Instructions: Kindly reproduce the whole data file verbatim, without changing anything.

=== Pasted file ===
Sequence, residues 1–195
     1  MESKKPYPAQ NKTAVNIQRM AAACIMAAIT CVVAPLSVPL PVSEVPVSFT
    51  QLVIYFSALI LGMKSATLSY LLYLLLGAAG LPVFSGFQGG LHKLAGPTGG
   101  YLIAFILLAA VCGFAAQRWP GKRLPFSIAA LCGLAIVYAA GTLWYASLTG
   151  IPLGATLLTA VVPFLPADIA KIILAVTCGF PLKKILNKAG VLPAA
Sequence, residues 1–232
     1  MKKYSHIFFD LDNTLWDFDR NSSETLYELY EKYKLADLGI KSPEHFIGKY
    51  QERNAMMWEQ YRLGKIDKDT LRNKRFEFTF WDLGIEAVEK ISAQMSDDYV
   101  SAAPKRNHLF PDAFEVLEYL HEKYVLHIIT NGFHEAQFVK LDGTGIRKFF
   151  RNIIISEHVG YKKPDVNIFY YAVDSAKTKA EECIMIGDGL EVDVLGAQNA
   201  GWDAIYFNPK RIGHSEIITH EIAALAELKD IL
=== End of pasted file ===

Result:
Sequence, residues 1–195
     1  MESKKPYPAQ NKTAVNIQRM AAACIMAAIT CVVAPLSVPL PVSEVPVSFT
    51  QLVIYFSALI LGMKSATLSY LLYLLLGAAG LPVFSGFQGG LHKLAGPTGG
   101  YLIAFILLAA VCGFAAQRWP GKRLPFSIAA LCGLAIVYAA GTLWYASLTG
   151  IPLGATLLTA VVPFLPADIA KIILAVTCGF PLKKILNKAG VLPAA
Sequence, residues 1–232
     1  MKKYSHIFFD LDNTLWDFDR NSSETLYELY EKYKLADLGI KSPEHFIGKY
    51  QERNAMMWEQ YRLGKIDKDT LRNKRFEFTF WDLGIEAVEK ISAQMSDDYV
   101  SAAPKRNHLF PDAFEVLEYL HEKYVLHIIT NGFHEAQFVK LDGTGIRKFF
   151  RNIIISEHVG YKKPDVNIFY YAVDSAKTKA EECIMIGDGL EVDVLGAQNA
   201  GWDAIYFNPK RIGHSEIITH EIAALAELKD IL